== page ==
Hybrid Generator Would Cut Military Base Fuel Costs in Half

The phrase "An army marches on its stomach," often attributed to Napoleon Bonaparte, underscores the importance of logistics in the military. And in the 21st century, keeping up the supply of diesel fuel is one of the most challenging logistical tasks for military forces in the field.

Last month, the U.S. Department of Defense (DoD) awarded a contract to a company that says its “hybrid generator” can reduce the amount of fuel used by generators at outposts by more than 50 percent. The company, Earl Energy, uses a rack of batteries coupled to diesel generators—and, if available, solar panels—to optimize fuel consumption. It’s one of a number of projects funded by the Department of Defense to reduce fuel consumption through efficiency and renewable energy.

Today, the U.S. military powers its operating bases with diesel generators that run continuously. The problem is that it’s difficult to match the generating capacity with the actual power load from air conditioners, electronics, and other gear, which fluctuates during the day and in different seasons. And when the demand for power is lower than the generator’s full capacity, the fuel efficiency drops off dramatically and the maintenance increases.

At the same time, the electricity requirements for bases in places such as Afghanistan have gone up substantially. Compared to a Marine battalion a decade ago, bases now have more than twice the number of radios and vehicles and three times the number of computers, according to the Department of Defense.

Earl Energy’s FlexGen “hybrid generator” is wired to a diesel generator running at full capacity, which is how it's most efficient. When there is excess power, the diesel generator charges the batteries. If the batteries have enough stored energy to meet the demand for electricity, then the generator shuts off. In tests in Afghanistan, the Earl Energy system allowed the generators to run three to six hours a day, compared with around the clock before it was installed, says Doug Moorehead, the CEO of Earl Energy.

A former Navy Seal, Moorehead saw first hand the perils of transporting fuel while stationed in Iraq. Fuel and water convoys are frequent targets. For example, in one three-month period in 2010, six marines were wounded during convoys (a rate of one injury for every 50 convoys). The financial cost is great as well; fuel can cost $2.64 to $3.96 per liter ($10-$15 per gallon) by the time fuel is delivered to outposts, says Moorehead. "If you reduce the fuel consumption, you can now cut [the number of fuel convoys] in half,” he says.

After Moorehead’s time in the Navy, the MIT graduate attended Harvard Business School and then went to work at lithium-ion battery company A123 Systems, where he worked in the grid energy storage group.

With funding from a previous Department of Defense program, Earl Energy was able to build prototypes for its energy storage device. It now has about a dozen units in the field, which are partially charged with energy generated by solar panels. The system’s control software can be used to manage multiple generators in order to create a base-wide microgrid.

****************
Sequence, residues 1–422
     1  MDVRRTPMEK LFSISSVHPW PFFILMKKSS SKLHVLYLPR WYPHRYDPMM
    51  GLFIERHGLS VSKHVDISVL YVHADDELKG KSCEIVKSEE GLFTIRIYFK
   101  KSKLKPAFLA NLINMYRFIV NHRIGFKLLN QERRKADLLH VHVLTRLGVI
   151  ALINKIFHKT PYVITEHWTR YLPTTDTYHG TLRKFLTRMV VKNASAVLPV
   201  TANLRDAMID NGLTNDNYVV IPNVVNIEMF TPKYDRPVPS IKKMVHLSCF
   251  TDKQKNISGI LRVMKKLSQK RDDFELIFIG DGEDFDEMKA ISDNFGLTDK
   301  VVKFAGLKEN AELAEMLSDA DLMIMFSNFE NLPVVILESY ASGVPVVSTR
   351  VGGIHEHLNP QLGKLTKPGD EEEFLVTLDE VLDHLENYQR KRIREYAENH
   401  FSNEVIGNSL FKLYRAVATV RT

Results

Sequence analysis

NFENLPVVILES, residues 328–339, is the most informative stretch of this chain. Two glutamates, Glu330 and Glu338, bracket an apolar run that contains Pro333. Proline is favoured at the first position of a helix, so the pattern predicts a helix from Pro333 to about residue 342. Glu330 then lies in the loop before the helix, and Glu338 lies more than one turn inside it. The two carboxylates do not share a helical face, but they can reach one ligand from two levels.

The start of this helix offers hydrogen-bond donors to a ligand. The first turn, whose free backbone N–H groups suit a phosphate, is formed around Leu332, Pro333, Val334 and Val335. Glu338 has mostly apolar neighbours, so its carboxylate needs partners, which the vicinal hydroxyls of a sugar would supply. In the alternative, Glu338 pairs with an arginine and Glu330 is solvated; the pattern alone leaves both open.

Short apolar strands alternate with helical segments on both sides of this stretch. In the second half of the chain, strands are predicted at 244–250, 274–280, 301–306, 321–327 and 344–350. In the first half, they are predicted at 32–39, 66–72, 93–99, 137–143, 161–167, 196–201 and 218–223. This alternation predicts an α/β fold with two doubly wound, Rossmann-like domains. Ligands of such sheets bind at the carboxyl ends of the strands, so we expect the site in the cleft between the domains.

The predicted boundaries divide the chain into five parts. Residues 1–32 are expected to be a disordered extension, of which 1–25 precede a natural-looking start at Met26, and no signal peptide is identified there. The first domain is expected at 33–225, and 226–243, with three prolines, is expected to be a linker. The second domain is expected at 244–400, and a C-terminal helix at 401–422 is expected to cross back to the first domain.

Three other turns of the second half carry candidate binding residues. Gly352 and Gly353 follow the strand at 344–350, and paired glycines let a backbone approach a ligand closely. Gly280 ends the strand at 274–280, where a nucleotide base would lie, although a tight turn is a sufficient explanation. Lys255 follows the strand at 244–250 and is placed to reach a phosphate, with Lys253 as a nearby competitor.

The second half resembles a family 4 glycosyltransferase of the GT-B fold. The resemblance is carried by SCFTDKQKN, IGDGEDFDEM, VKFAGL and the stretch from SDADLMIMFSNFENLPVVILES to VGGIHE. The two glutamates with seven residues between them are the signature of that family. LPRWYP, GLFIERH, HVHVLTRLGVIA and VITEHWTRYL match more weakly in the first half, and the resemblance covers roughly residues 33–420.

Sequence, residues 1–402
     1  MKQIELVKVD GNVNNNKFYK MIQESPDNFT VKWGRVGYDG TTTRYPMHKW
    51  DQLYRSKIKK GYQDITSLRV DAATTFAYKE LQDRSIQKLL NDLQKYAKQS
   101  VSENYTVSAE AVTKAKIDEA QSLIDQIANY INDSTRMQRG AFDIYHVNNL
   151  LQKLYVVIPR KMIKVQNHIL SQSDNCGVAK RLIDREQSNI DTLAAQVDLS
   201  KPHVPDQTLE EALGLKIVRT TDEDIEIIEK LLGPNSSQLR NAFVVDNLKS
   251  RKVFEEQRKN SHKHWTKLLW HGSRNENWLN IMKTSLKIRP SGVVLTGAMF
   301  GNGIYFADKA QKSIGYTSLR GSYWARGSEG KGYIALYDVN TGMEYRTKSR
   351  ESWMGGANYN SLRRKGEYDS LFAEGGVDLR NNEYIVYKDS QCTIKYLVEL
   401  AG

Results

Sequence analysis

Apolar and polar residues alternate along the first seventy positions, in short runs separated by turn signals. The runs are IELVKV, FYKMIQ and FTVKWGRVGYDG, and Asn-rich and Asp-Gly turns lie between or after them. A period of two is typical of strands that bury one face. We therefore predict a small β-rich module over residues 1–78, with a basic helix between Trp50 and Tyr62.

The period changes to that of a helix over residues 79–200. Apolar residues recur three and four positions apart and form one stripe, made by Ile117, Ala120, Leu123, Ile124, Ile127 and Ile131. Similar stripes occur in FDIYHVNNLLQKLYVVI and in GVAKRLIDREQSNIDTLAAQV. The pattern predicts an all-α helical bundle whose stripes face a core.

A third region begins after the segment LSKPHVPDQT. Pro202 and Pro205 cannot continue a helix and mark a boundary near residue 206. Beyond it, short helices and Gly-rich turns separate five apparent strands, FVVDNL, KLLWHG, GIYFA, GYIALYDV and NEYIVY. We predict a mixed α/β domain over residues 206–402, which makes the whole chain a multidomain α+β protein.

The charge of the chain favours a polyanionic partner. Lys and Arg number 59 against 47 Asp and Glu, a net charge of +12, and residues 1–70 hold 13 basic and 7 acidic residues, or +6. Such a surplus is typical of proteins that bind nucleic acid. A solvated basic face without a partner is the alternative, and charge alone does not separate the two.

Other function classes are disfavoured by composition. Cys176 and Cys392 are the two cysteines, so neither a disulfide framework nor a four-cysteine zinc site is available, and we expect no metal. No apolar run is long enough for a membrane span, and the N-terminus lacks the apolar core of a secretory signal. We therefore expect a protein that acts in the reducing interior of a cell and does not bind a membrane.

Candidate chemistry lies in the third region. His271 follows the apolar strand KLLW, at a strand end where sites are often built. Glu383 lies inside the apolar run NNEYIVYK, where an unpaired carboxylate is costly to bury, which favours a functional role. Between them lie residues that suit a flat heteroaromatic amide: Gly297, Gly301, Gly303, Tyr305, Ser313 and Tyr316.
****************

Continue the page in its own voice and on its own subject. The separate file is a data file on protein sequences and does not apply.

The contract Earl got last month under the Mobile Electric Hybrid Power Systems (MEHPS) program is for delivery of products that conform to the Department of Defense's specifications and could lead to purchase of about 50 units, says Moorehead. "It shows that the DoD is very serious about hybrid generators," he says. (Another company, UEC Electronics, was also awarded a contract to build a generator that fits on a trailer and combines energy storage and solar power.)

Last fall, Earl Energy won another contract from the Army Communications-Electronics Research, Development and Engineering Center (CERDEC) to design power converters based on silicon carbide. "All existing power electronics are silicon-based but the next generation uses silicon carbide, which allows for much higher voltages and conversion efficiencies,” Moorehead says. The company expects its power converters, which will be used with its generators by the middle of next year, to be 80 percent lighter and 70 percent smaller than existing models.

Outside of the military, there is growing interest in distributed power generation, both in grid-connected and off-grid scenarios. Concerned that severe storms will knock out power for long periods, businesses and institutions such hospitals and universities are looking at on-site power generation with natural gas and solar. Meanwhile, microgrids can bring power to places in the world where there is not a reliable centralized grid, whether it’s remote parts of Alaska or rural villages in developing countries.  

Indeed, Earl Energy has ambitions beyond the military. This spring, it will begin testing a hybrid generator at a drill rig in Texas. This installation will use a design similar to the FlexGen hybrid generator, but it will include fast-acting ultracapacitors instead of lithium-ion batteries connected to a 1.2 megawatt generator. Oil and gas drillers typically use very large diesel generators, but drillers are looking for ways to use natural gas that is available from wells to save money and reduce emissions from their operations, Moorehead says.

Image credit: Earl Energy

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